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A CurtainUp Review The Green Bird
By Les Gutman
It is as easy to make a true friend
as to wipe your ass on a rose.
The Green Bird flies from 18th Century commedia dell' arte to 21st Century in-your-face performance art in a New York minute. It takes a willing audience under its wing, and gloriously transports it in ways theater ought to but rarely does.
A willing audience? In order to embrace this show, adults must seek out the child-like imagination buried within them, and their children must grow up, perhaps a bit before their time. (As to the appropriateness of the show for kids, see Elyse Sommer's postscript below.) In either case, it's well worth the effort.
On the bones of Carlo Gozzi's fable, Julie Taymor has built another fantastic spectacle of masks, puppets and people, exhibiting the same sort of artistry and genius that still has people lined up months in advance to buy tickets to her staging of The Lion King. (For the record, The Green Bird was originally staged off-Broadway before Lion King.) It's a small story, the kind that might be the subject of a high school thespian society pageant, unapologetically catapulted into a Broadway extravaganza with boundless ambitions, the transformation fueled by the unlikely combination of wild invention and simple craft.
The play is set in the imaginary city of Monterotondo and several other fanciful locales. While the nincompoop King Tartaglia (Derek Smith) is away, his queen, Ninetta (Kristine Nielsen), gives birth to twins, Barbarina (Katie MacNichol) and Renzo (Sebastian Roche). His incomparably wicked mother, Tartagliona (Edward Hibbert), orders a servant, Pantalone (Andrew Weems), to lock the queen in the cellar and throw the babies in the river. Pantalone first wraps them securely in oilcloth, a gesture which saves their lives since they are soon found by a butcher, Truffaldino (Ned Eisenberg) and his wife, Smeraldina (Didi Conn), who raise them. Meanwhile, Ninetta languishes in Tartagliona's prison, kept alive by regular visits from The Green Bird, a vibrant puppet operated and voiced by Bruce Turk. Tartagliona's evil is abetted by a soothsayer, Brighella (Reg E. Cathey), here portrayed as a Rastafarian whose chants include a melting pot of contemporary references, from television commercials to Three Dog Night. Elliot Goldenthal's edgy music provides the underscoring, and all of this before the play in chief begins.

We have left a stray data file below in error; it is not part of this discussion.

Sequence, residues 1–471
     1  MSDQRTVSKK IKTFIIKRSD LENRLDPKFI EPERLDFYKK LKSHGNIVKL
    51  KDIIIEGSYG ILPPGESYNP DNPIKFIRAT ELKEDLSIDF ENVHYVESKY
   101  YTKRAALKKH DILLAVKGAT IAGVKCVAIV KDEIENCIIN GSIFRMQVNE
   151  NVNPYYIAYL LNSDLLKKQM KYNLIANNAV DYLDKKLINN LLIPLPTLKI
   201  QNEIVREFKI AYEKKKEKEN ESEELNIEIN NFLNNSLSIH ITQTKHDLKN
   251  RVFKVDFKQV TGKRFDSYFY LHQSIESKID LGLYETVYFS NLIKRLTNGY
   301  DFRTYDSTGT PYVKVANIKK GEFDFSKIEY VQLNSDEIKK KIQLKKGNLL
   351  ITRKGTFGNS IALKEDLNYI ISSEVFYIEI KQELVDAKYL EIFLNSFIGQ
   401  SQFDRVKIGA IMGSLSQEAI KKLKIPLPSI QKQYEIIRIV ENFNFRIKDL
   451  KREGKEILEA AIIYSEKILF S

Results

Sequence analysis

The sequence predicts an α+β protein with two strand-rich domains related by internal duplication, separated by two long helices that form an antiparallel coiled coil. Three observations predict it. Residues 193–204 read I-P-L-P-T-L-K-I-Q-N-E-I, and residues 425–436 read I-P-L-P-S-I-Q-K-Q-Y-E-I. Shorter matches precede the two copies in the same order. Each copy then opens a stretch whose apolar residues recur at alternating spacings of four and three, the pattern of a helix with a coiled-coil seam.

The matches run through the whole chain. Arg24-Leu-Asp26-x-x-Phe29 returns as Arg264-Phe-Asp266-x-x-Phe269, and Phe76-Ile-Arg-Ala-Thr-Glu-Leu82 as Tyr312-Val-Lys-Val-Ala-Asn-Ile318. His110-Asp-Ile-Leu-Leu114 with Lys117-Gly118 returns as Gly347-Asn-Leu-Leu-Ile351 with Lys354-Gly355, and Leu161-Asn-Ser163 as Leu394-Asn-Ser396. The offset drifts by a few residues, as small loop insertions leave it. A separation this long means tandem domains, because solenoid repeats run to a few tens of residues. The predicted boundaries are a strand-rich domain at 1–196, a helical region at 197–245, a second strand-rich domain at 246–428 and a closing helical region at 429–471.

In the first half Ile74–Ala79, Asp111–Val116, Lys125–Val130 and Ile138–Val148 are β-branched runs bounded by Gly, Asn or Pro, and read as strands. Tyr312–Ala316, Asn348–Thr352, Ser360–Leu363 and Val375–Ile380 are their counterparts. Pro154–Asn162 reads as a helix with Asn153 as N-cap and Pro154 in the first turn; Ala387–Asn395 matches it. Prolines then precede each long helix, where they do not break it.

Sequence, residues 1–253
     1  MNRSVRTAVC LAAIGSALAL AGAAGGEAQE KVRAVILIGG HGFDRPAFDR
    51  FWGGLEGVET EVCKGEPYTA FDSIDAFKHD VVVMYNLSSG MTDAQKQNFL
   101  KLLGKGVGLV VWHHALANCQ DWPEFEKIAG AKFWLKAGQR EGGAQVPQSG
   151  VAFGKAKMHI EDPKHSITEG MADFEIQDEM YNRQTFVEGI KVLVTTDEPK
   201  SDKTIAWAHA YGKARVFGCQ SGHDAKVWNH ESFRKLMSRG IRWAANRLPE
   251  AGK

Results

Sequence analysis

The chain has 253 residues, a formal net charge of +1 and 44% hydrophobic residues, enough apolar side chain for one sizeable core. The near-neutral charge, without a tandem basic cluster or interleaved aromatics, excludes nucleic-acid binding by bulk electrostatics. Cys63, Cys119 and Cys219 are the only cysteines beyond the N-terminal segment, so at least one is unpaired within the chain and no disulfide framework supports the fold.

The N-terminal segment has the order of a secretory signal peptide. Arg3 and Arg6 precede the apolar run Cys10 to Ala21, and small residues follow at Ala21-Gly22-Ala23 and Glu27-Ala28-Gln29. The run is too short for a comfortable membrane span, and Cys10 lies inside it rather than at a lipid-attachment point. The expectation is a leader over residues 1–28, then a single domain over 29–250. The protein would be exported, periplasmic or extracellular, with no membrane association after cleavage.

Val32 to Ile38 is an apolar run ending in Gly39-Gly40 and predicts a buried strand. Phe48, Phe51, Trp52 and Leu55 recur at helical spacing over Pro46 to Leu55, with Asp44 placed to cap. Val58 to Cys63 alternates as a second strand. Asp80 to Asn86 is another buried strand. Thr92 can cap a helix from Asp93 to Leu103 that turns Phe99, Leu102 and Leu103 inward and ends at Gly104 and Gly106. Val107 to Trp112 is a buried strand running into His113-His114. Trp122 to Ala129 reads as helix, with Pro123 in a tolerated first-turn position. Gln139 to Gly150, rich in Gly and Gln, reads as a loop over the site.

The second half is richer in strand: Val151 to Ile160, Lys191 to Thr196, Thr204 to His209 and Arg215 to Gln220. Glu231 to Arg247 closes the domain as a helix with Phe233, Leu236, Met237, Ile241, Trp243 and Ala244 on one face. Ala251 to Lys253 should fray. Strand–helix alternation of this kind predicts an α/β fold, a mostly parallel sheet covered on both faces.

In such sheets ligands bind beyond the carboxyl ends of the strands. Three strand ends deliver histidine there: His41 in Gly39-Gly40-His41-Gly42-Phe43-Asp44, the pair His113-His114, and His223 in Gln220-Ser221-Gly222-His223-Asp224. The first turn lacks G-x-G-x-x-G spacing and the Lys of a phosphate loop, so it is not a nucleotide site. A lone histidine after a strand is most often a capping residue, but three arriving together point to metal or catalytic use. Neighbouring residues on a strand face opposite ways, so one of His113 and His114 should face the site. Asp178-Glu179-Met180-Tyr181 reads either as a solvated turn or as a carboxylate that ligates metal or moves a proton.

As the twins mature, they come to realize something is amiss, and commence a search for truth and, as happens, fortune. Their adventure (fairly reminiscent of Dorothy's in the Land of Oz) we see played out to its joyful conclusion. To describe it in detail would suggest that Taymor's often breathtaking vision can be reduced to words. Suffice it to say it includes time spent in the company of Singing Apples (Sophia Salguero, who does most of the singing, with Meredith Patterson and Sarah Jane Nelson) -- one of the most outlandish visual images you're ever likely to see onstage; Dancing Waters (Erico Villanueva, principally, and Ramon Flowers) -- one of the most stunning images; an enormous serpentine puppet aptly named Sepentina (Voice of Lee Lewis); one beautiful statue, Pompea (Lee Lewis), that comes to life; another enormous statue, made of stone with moving eyes and mouth but, alas, a broken nose, Calmon (the booming voice of Andrew Weems); and a variety of others far too numerous to mention.
All of the above cannot (and does not) undercut the incredible, expressive masks Ms. Taymor has designed for all but two of the performers (the kids get to appear in their own faces), or Constance Hoffman's beautiful, playful cartoon-worthy wardrobe of costumes. Christine Jones wisely takes the uncomplicated route to set design, augmenting an almost blank slate with wonderfully suitable elements as needed, further aided by Donald Holder's elaborate lighting.
One should also not conclude that this orgy of design elements means that performances in The Green Bird are relegated to second fiddle. They are, almost without exception, wonderful, a fact rendered all the more astonishing when we consider how much "acting" is normally performed with the face and eyes that are here obscured.
I've been a huge fan of Derek Smith since he took my breath away as Prince Hal in The Shakespeare Theatre's production in DC of Henry IV. I've never seen him better than here, telegraphing with every bone in his body the innocence, frustration, idealism and anguish of this lackluster monarch, henpecked not by his wife (effusively if too briefly portrayed by Ms. Nielsen), but by his mother (Edward Hibbert's memorable extravagance). Tartagliona's costume and persona are so eccentric, the fact that Hibbert is in maternal drag is hardly even noticed.
Eisenberg and Conn are as delicious as one would hope their sausages are, sounding more like they sell their meats from a storefront in Flatbush than a courtyard in Venice. Weems is equally appealing, as the nervously dutiful clown-like Pantalone, who wouldn't be lost amidst the canals, endearing Italian accent and all.
Taymor has nearly everyone playing "to the stalls," the broad contemporary humor and anachronistic language and references calculated to make certain this remains a popular entertainment. Those expecting an 18th century fable played as a period piece may be off-put; others may be turned off by the arrant silliness in any event. But as with all of her other choices, Taymor knows precisely what she's doing, and it's a sight to behold.
LINKS TO REVIEWS MENTIONED ABOVE
CurtainUp's review of The Lion King